Daniel Lemire's blog

, 2 min read

The hard truth about research grants

You must do many silly things to get a large research grant:

  • You must know precisely what you will do__ for the next five years____.__ Yet, in my experience, good researchers only have a vague idea of where they will be in 5 years. If you know the promising research directions you will encounter, you are an astrologer, not a scientist.
  • Your plan must be infallible. Yet, in my experience, research ideas that never fail are not research ideas at all! They are mere applications of known principles. There is no research without risk. The more ambitious the research, the riskier it is.
  • Your work must revolutionize your field. Yet, as stated above, it must also be infallible.
  • Your work must have crucial applications. Make it up if you must! When Einstein came up with E=mc2, he should have pointed out the possibility of dropping nasty bombs on Japan. Again, we expect scientists to know the future.
  • You must work in large teams, packing up a broad range of researchers. Yet, there is no clear evidence that correlation exists between the resort to extramural collaboration and overall research performance. The goal—once more—is to minimize risks. It is unclear whether it actually reduces the risk at all. And the cost is added bureaucracy.
  • You must promise to train many new Ph.D.s. Somehow, flooding the job market so that there are hundreds of qualified applicants for every research job is highly rewarded.

Thankfully, Peter A. Lawrence has many good ideas on how to improve the system:

  • Grant applications should be short. Quick to prepare. Quick to process. Currently, it is not uncommon for scientists to spend months writing grant applications, and weeks reviewing them. Wasteful!
  • You should be able to apply for grants based on your record alone. The requirement to____ submit a project or research program is silly.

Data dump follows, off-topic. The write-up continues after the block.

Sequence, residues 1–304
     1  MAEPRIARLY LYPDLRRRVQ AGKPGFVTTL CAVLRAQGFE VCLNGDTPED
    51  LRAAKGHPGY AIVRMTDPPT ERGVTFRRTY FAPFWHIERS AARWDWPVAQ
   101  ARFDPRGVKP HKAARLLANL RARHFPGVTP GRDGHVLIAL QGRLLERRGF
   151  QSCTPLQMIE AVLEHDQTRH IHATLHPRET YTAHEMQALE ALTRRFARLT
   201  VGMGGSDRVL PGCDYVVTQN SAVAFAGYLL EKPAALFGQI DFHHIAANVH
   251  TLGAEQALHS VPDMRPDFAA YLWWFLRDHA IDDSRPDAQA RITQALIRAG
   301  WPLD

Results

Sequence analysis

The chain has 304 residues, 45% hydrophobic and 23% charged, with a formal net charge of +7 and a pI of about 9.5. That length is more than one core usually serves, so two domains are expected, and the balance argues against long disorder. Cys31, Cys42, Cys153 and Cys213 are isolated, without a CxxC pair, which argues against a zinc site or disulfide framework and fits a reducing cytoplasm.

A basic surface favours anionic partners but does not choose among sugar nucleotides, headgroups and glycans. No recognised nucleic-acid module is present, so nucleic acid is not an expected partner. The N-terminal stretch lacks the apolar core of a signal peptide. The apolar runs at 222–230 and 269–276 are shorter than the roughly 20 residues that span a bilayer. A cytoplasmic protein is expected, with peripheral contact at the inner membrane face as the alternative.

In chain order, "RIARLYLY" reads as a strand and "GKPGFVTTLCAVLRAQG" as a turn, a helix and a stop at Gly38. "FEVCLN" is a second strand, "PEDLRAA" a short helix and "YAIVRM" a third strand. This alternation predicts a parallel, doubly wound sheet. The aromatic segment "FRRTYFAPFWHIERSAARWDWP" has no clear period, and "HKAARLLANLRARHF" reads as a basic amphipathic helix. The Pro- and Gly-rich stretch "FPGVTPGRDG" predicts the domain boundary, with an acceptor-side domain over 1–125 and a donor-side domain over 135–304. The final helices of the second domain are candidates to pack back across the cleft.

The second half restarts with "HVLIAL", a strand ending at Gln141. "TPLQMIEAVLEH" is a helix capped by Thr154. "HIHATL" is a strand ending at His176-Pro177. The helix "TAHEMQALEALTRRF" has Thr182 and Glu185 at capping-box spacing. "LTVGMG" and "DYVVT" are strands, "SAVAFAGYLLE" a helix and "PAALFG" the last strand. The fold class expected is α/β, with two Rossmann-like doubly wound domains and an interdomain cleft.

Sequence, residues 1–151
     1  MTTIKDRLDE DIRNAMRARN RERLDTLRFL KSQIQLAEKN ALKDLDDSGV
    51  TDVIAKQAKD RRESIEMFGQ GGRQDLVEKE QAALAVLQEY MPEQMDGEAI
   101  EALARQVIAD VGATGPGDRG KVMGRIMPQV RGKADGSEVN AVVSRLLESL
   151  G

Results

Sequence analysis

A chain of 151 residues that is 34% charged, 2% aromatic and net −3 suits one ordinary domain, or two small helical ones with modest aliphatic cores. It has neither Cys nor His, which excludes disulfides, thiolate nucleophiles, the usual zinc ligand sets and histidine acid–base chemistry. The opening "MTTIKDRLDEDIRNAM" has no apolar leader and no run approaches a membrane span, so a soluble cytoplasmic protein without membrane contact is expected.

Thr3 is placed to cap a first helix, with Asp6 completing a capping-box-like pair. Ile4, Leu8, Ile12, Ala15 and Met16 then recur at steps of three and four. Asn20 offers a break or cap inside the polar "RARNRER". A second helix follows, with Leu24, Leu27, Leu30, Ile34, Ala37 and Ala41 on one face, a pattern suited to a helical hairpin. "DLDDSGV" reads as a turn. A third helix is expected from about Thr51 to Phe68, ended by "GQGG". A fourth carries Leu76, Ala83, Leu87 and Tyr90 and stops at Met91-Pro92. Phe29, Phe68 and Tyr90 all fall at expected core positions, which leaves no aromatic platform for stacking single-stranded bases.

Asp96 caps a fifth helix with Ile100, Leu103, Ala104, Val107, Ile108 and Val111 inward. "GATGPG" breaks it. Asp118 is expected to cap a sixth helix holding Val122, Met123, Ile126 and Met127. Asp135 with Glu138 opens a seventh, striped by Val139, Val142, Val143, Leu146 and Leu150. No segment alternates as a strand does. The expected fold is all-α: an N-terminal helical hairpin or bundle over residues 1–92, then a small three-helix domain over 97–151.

• We should be critical of large groups. For some large projects, such as building a multi-billion-dollar machine, you need a group. To investigate the properties of some algebraic structure, you don’t.
  • You should only offer a handful of research papers for review. Pick your top 3 papers and don’t mention the rest. In Canada, NSERC applied this idea, but they did not go far enough. They ask us for our top contributions, and then they ask for the full list. By reviewing researchers on only their best work, we would lift the incentive to produce many weak papers.

I conclude from a quote by Michael Nielsen:

Some years back I constructed a list of papers I especially admired, and was surprised to discover that with only a few exceptions they were produced from unfunded research. This was sobering, since it suggest that receiving research grants was (…) anticorrelated with doing work of the highest quality. Grants seem to be good at sustaining an established area, but not very good at all at producing the conceptual innovations that start new subfields. (Michael Nielsen)

(And before anyone jumps at this… Michael did not write that having a large grant was incompatible with highly original research.)